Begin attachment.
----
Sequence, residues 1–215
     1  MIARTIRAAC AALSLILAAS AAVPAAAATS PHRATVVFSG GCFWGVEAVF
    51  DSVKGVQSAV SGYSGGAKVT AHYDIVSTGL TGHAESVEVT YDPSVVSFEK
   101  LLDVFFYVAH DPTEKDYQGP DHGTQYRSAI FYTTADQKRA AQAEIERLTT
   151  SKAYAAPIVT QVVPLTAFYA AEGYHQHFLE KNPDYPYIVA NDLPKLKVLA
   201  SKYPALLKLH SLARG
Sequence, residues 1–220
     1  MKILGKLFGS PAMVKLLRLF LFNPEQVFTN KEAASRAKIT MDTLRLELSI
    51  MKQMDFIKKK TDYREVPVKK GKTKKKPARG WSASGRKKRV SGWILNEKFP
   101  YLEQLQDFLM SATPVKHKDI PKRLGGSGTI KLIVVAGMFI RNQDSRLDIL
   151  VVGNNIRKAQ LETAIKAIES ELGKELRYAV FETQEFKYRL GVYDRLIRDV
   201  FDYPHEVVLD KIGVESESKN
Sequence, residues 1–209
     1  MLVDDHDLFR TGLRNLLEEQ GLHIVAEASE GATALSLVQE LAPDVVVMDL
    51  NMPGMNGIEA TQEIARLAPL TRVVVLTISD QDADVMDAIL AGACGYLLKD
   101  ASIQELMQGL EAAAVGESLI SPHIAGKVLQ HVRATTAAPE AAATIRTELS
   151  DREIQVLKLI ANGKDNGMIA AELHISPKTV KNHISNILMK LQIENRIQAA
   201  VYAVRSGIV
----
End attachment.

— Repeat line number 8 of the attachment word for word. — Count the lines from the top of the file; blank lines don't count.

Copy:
     1  MKILGKLFGS PAMVKLLRLF LFNPEQVFTN KEAASRAKIT MDTLRLELSI